How Environmental Monitoring for Mining Applications Can Protect Nature

Volue Industrial IoT has supplied groundwater measuring systems to Copperstone Viscaria AB that will be used to determine whether Copperstone’s planned mining activities will affect the amount of water available to vegetation in the area.


Jul 18, 2022

Recently, Copperstone Viscaria AB submitted an environmental permit application to resume mining operations in Kiruna, Sweden. To determine how the planned mining activities will affect the amount of water available to vegetation in the area, Copperstone Viscaria AB will use Time Domain Reflectometer (TDR) stations supplied by Volue Industrial IoT.

The TDR stations will measure groundwater content through sensors placed in the ground. In addition, the sensors will monitor the level of groundwater.

For its planned activities, Copperstone Viscaria AB has created an environmental programme with the aim of conducting all activities in an environmentally friendly manner.

An important part of the environmental permit application is an environmental impact statement, which describes, among other things, how the activity will affect the surface and groundwater systems in the area.

Groundwater measurements are crucial for the programme.

The ore in the mine contains mainly copper, but also iron. If the mining operation is resumed, surface and groundwater will be drained from opencast and underground mines.

As mining can affect the amount of water available to vegetation, inspections will show any environmental impact or risk of environmental impact so that measures can be taken if necessary.

How TDR instrumentation can protect vegetation

Plants need access to water. How much plant-available water is in the soil depends on the properties of the soil.

The water available to plants is the amount of water that can be taken up by the plant. It is defined as the difference in water volume between the so-called field capacity and the residual groundwater content.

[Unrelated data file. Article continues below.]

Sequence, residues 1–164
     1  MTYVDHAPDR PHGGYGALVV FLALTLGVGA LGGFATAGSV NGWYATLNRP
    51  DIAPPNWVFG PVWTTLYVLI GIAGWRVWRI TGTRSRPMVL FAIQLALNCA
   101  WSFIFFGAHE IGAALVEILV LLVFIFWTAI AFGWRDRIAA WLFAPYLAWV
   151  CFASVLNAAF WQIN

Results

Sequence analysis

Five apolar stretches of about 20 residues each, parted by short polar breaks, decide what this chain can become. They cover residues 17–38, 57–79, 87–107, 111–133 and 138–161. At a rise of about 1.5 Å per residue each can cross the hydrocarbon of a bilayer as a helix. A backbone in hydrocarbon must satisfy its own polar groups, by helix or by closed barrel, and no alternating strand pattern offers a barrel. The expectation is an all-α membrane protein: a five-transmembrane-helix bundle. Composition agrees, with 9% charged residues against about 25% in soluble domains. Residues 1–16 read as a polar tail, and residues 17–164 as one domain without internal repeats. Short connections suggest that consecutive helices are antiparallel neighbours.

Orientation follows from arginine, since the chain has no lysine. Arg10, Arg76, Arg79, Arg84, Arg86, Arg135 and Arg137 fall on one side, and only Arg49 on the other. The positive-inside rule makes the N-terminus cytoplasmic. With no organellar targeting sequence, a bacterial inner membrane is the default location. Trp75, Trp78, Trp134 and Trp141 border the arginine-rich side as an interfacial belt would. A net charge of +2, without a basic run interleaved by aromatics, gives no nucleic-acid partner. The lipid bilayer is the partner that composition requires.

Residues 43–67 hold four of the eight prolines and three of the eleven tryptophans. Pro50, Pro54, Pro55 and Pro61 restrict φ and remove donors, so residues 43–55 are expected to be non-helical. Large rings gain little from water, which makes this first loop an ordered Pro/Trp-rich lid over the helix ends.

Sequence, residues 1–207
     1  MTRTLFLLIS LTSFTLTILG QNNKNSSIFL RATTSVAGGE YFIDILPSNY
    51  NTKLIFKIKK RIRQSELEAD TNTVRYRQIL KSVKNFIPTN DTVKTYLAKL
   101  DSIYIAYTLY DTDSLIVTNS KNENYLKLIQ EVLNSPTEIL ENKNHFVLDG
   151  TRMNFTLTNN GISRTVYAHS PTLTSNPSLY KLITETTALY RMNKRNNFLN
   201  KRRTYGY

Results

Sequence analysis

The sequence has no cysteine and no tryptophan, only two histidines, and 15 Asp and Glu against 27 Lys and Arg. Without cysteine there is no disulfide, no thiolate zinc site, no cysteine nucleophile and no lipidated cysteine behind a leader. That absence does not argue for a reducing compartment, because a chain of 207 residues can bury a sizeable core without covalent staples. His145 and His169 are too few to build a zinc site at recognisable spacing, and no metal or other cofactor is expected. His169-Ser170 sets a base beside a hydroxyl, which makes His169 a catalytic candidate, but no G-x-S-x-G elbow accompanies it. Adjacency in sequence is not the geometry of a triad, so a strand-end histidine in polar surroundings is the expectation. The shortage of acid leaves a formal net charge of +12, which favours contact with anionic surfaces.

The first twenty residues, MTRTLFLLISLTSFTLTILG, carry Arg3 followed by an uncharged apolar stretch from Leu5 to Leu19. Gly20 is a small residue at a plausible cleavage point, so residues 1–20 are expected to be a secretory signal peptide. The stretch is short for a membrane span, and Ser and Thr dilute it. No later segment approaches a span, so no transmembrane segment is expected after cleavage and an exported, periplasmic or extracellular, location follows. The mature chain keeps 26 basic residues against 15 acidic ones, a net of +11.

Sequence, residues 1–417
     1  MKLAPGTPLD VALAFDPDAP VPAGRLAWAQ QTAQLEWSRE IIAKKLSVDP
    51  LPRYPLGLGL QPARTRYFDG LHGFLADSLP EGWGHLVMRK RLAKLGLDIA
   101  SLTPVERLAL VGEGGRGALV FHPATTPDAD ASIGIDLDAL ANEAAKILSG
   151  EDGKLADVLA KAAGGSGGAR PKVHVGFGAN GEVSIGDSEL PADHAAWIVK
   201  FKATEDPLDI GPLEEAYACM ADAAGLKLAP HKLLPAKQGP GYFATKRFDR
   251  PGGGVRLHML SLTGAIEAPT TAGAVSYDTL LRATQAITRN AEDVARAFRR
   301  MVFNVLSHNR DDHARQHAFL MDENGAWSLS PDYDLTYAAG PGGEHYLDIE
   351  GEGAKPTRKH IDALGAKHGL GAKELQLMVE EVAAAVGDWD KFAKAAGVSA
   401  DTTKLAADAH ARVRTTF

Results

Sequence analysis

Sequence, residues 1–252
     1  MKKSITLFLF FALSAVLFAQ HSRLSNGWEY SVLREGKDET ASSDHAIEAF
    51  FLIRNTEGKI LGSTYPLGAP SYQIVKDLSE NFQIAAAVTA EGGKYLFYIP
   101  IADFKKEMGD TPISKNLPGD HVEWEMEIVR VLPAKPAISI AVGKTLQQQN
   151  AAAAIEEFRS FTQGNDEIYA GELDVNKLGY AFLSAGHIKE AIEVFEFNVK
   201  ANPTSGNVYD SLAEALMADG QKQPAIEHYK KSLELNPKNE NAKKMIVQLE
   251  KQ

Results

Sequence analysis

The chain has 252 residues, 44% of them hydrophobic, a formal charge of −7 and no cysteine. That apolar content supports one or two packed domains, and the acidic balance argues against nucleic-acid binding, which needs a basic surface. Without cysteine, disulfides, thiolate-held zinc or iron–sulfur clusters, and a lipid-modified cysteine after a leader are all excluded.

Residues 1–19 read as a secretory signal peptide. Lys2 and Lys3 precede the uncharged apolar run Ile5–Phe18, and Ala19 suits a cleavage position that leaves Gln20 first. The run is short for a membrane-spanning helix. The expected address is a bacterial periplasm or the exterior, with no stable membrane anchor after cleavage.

Field capacity is the volume of water that remains in the soil during free drainage. Residual water content is the amount of water that is too tightly bound in the soil for the roots of the plants to absorb.

Measuring the groundwater content is a way of determining whether mining will affect the amount of water available to plants.

As TDR sensors also log temperature, information about frost depth and the dynamics of freezing and thawing are automatically obtained. In most studies, frost has been shown to have a major impact on the dynamics of spring rivers in areas dominated by wetlands and bogs. As the water content in this type of soil at field capacity is relatively high, there is often a delay in the infiltration of meltwater during spring.

If the infiltration capacity is low due to frost, the proportion of water that drains off quickly on the surface becomes larger. By measuring water content and temperature in drained zones, an effective tool is provided to better calibrate both models for surface and groundwater and to conceptualise the connected surface and groundwater system in areas where frost and permafrost have an impact on hydrology.

In the environmental programme created by Copperstone Viscaria AB, monitoring groundwater content complements groundwater level monitoring and is crucial in determining how much water is available to plants.